“Well, he will not be acquitted,” she told reporters. “You cannot be acquitted if you don’t have a trial. And you don’t have a trial if you don’t have witnesses and documentation.”

In other words, what we just watched wasn’t a trial, so Trump wasn’t acquitted in the meaningful sense of being found not guilty.

The coverup argument — Democrats will try to argue Senate Republicans and the White House covered up Trump’s wrongdoing. That may be correct and it may be a winning political argument in November.

CNN’s John King explained, I think very well, what Pelosi is up to.

“She’s trying to speak to the Democratic base, which ultimately actually pushed her to do this,” he said on CNN. “Remember, if we rewind the tape a few months, Nancy Pelosi did not want to do impeachment because she was worried it would be partisan, and she was worried if it was all partisan, it would backfire in the Democratic party. Now she’s trying to tell the base, we impeached him, the Senate Republicans, Mitch McConnell, sham trial. That will be the democratic argument.”

Trump will also have an argument.

“He’s going to say I was acquitted by the US Senate,” King said. “And if a couple of Democrats vote for that, even on one count, he’s going to say I was acquitted on a bipartisan basis by the United States Senate. That will be the blaring conversation for the next week or so. It’s actually an interesting question, will it be the blaring question all the way through November?”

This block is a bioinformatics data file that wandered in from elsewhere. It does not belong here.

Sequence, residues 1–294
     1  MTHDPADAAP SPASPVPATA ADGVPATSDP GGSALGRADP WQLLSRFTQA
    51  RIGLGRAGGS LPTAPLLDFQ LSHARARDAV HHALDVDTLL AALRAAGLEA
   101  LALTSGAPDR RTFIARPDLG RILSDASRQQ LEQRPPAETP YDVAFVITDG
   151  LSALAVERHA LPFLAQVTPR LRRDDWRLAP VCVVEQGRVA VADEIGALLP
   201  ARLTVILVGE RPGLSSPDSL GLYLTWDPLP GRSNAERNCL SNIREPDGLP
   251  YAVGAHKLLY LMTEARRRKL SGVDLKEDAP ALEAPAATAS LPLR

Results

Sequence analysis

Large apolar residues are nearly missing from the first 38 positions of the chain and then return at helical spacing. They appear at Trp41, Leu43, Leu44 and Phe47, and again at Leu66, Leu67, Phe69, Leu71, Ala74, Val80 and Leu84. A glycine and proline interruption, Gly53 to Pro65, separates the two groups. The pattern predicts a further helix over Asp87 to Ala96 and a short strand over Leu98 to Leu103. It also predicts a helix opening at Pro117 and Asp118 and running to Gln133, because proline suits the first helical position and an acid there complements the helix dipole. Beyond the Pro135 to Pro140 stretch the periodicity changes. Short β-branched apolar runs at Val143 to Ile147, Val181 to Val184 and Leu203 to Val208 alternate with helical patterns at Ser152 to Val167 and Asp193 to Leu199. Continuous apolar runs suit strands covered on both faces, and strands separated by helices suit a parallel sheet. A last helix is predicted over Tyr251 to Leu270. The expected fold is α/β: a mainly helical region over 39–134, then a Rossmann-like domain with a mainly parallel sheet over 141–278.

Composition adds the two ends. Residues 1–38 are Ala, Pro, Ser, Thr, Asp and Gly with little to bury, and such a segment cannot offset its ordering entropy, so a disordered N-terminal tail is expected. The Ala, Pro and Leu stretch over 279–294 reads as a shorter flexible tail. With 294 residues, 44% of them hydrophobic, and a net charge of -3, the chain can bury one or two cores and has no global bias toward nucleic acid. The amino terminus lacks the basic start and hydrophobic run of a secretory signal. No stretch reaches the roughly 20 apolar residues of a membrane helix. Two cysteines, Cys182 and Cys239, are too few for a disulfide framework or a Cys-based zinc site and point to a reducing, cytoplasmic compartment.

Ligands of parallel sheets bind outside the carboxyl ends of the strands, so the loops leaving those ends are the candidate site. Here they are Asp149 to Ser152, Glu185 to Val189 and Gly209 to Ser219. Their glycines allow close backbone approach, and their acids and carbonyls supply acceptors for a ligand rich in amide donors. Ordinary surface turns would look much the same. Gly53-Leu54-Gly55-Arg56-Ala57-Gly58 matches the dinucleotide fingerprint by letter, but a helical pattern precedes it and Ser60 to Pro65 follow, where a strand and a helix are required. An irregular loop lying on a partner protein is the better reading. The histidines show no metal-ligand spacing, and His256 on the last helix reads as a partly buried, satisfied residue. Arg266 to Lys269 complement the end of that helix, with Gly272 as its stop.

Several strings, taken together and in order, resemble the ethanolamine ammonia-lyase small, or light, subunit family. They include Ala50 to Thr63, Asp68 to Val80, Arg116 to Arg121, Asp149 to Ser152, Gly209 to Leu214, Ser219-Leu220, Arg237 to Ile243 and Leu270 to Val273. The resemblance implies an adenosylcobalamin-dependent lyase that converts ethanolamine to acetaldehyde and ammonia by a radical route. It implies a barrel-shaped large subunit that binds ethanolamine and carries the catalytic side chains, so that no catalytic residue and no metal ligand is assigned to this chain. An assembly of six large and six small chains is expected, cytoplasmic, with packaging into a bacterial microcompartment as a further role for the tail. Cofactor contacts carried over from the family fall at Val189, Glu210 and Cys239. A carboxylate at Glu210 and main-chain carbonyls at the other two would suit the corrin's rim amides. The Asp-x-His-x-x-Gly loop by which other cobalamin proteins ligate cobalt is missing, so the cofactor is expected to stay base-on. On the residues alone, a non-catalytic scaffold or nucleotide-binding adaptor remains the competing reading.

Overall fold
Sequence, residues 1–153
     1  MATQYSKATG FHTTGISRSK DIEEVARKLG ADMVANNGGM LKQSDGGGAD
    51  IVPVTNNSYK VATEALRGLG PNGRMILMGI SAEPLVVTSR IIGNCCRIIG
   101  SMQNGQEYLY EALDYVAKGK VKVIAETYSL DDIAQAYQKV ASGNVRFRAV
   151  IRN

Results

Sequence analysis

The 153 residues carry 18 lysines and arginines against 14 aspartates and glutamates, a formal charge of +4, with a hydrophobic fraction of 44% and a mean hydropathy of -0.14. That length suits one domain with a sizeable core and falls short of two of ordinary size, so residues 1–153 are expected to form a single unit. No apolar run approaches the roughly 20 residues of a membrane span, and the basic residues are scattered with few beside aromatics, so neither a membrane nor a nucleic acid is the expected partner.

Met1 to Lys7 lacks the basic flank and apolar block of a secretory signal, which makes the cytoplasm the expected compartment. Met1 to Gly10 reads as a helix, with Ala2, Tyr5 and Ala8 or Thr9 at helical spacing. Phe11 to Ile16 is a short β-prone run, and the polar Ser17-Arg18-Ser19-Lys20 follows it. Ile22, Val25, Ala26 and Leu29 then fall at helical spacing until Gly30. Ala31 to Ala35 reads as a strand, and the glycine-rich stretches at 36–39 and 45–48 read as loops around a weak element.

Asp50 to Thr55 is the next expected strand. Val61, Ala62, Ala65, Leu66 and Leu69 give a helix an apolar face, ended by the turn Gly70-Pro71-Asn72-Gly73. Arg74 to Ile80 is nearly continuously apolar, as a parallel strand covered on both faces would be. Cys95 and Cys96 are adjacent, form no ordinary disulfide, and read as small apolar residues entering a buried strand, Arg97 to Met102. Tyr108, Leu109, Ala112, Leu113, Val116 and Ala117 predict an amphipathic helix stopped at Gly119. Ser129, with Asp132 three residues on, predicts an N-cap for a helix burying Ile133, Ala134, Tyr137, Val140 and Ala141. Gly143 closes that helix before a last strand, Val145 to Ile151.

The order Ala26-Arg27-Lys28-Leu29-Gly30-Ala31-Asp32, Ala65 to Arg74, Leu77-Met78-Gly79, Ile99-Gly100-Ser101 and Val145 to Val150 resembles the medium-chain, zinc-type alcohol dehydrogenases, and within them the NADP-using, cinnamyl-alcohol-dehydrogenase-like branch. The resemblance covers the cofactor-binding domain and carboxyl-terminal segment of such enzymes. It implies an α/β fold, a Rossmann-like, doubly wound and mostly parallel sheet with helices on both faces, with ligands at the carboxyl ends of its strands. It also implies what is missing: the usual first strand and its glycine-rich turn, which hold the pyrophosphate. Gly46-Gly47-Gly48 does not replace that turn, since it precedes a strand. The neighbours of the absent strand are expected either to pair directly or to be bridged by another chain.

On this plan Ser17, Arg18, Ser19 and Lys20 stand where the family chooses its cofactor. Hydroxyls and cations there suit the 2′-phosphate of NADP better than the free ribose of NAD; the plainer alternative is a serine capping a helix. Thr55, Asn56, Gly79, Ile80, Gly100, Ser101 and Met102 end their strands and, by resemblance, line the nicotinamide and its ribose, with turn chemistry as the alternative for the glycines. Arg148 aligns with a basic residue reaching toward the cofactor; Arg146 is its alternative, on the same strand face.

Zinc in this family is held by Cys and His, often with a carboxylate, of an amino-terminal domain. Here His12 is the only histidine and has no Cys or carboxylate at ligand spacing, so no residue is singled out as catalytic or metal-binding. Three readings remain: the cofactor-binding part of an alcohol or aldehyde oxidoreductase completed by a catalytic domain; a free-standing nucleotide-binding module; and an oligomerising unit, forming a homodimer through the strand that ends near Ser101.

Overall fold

Democrats are unsure how to stop Trump

You might not have been paying much attention if you’ve been all-in on watching this impeachment trial, but there is a Democratic primary going on. While every Democratic candidate agrees that defeating Trump is their number one priority, there are many miles that separate them in how to go about it.

There’s a middle lane, embodied by Joe Biden, offering a relic of the Obama era to undo what Trump has wrought.

But there’s also a left lane, embodied by Bernie Sanders and Elizabeth Warren, that would serve up a nearly socialist agenda of government programs as the antidote to Trump’s nationalist populism.

If their organizing principle as a party is to defeat a President who they say is threatening the fiber that holds the country together, they have not yet done a very good job agreeing how to go about it.